Sam did do an awful lot in this time. He worked on other people’s music, some of which was released online anonymously. He wrote an album with Connan Mockasin. He built a synthesizer, Gene, with plans to sell it to order, although he only ended up producing one copy. And he travelled – to the States, to Greenland, to France and beyond, with a recent trip taking him to Morocco with his brother Isaac to shoot the video for ‘Inji’s lead single Oino. Eventually, these travels took him to his current home – a cottage in Llanfair Caereinion, rural Wales, where he lives with his girlfriend and their dog, Smeagol, who graces the cover of ‘Inji’.
A lot of ‘Inji’ was written over the course of the five years since Late of the Pier went on hiatus, a period of creative freedom that hadn’t been afforded to Sam in some time. When Late of the Pier released ‘Fantasy Black Channel’, they were committed to a long, restrictive touring schedule. “I think it was just after we’d finished the record, we were sitting down for breakfast somewhere in London, and this massive folder just got bonked on the table by our tour manager,” Sam recalls, “It was like: this is what you’re doing for the next two years. It was kind of horrific. Exciting as well, going around the world, but there was never any escaping from that for that time.”
The band planned a four-track EP to follow up ‘Fantasy Black Channel’, but could only find time to record Blueberry and Best In The Class in between tour dates (although one of the songs from the planned EP appears on ‘Inji’ in the form of Fabby, a crashing instrumental). While Best In The Class was a beefed up version of an older song, Blueberry hinted at the direction that Late of the Pier were generally hoping to pursue. “We wanted it to be like The Beatles, if The Beatles started out today,” explains Andrew Faley, Late of the Pier’s bassist, “So it’s like you’re hearing what The Beatles would sound like if they were inspired by everything that came out since the ‘60s. Blueberry was supposed to be on 'Fantasy Black Channel' but we could just never get it finished. The Beatles were probably the biggest inspiration to the band, though that probably wasn't obvious. It was the common ground that we all united on and that we all grew up with.”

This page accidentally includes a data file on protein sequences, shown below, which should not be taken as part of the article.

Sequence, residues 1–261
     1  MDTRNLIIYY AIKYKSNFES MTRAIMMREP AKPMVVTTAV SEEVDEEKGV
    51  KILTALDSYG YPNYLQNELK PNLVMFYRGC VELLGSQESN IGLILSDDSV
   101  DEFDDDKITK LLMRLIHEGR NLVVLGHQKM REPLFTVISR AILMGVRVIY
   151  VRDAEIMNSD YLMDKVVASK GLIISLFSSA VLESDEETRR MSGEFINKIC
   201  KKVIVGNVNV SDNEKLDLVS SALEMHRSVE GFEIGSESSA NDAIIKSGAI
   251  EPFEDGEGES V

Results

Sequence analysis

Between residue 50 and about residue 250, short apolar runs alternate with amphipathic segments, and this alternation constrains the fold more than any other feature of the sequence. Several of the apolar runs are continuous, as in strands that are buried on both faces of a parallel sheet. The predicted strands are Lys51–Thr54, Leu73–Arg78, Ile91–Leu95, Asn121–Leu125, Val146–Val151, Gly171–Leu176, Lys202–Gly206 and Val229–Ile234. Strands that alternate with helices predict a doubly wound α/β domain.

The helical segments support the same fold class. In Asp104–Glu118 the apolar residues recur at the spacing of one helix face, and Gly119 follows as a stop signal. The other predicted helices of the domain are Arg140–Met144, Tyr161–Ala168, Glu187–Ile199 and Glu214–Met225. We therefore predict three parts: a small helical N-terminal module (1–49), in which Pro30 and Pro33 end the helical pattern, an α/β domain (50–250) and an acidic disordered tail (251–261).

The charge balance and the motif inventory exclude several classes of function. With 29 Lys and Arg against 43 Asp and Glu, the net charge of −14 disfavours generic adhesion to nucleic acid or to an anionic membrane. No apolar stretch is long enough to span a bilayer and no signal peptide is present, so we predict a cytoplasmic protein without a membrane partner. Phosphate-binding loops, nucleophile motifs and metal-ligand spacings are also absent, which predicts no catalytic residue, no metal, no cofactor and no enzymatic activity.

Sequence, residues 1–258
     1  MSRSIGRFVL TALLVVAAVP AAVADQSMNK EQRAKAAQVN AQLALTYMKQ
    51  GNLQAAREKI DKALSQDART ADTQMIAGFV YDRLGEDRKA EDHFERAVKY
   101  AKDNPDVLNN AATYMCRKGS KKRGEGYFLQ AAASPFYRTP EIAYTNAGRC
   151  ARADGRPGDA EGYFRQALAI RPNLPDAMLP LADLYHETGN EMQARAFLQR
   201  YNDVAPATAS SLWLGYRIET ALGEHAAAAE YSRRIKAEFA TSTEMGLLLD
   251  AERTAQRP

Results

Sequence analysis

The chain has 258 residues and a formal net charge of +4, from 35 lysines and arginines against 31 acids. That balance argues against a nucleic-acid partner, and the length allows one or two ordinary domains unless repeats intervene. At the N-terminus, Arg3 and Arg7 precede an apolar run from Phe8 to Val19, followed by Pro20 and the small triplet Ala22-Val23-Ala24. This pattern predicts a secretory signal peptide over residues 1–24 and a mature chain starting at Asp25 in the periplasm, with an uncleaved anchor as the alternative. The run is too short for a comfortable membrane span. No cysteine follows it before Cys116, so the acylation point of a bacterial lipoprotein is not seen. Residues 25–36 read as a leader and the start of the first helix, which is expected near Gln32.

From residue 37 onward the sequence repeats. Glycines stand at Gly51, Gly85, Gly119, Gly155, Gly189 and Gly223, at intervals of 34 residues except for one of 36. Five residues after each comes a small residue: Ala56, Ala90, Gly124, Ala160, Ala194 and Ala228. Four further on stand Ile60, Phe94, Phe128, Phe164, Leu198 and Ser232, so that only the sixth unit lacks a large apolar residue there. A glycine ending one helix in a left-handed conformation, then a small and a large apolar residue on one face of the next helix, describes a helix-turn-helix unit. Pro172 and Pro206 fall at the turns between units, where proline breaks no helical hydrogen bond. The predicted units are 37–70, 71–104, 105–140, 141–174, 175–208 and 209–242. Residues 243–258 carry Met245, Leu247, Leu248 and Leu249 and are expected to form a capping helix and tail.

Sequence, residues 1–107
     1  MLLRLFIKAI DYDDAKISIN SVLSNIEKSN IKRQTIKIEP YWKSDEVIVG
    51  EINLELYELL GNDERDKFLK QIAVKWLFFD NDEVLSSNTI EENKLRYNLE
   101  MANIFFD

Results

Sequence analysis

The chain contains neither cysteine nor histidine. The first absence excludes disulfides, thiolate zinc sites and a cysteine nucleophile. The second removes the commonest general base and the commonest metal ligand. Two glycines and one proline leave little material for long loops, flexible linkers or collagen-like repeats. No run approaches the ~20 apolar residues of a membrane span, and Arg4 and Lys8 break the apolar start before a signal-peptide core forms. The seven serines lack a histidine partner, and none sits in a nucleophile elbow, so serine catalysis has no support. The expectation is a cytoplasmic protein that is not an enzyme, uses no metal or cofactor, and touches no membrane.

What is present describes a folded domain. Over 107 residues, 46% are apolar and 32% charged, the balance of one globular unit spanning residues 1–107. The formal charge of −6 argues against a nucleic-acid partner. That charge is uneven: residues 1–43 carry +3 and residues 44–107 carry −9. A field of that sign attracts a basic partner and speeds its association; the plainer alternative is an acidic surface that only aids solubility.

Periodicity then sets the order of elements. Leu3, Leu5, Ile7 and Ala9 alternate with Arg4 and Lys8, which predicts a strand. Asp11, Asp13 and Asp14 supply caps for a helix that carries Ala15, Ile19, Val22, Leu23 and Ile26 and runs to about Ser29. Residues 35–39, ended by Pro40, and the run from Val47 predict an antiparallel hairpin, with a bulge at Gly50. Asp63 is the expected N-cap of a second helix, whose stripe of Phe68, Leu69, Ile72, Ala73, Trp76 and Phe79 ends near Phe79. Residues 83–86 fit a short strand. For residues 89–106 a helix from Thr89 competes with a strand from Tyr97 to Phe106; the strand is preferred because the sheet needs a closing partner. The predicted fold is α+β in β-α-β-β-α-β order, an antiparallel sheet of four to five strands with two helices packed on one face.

The inability to record was symptomatic of the wider problems with the music industry at the time which made it nearly impossible for a major label-signed band to flourish. “We all had gripes about what had already been booked way in advance,” says Sam, “Recording was just stuck in the tiny little gaps between all that stuff, which for me is just a blueprint for failure. I don’t know why labels ever work like that. It’s probably a good thing nowadays that those sorts of deals don’t get given out to bands, because it probably saves them.” After a series of increasingly pointless shows – like a US tour with Deadmau5, or an early afternoon slot at SXSW that ended up with the band led offstage by security – Sam was itching to start making music again. “The thing that really burns you out is having ambition that you just can’t do anything with,” he says, “Feeling like you’re repeating every day over and over again. It’s like a Groundhog Day kind of thing.”
Late of the Pier needed a writing break, but it didn’t arrive for months. When the opportunity to take time off finally presented itself, they took it – and took it far. “We just kind of went to an extreme,” Sam says. “After the Late of the Pier record, there wasn’t really any problem with thinking ‘What do we do next?’ It was more: ‘What do I want to do next?’ We were all feeling a bit selfish.”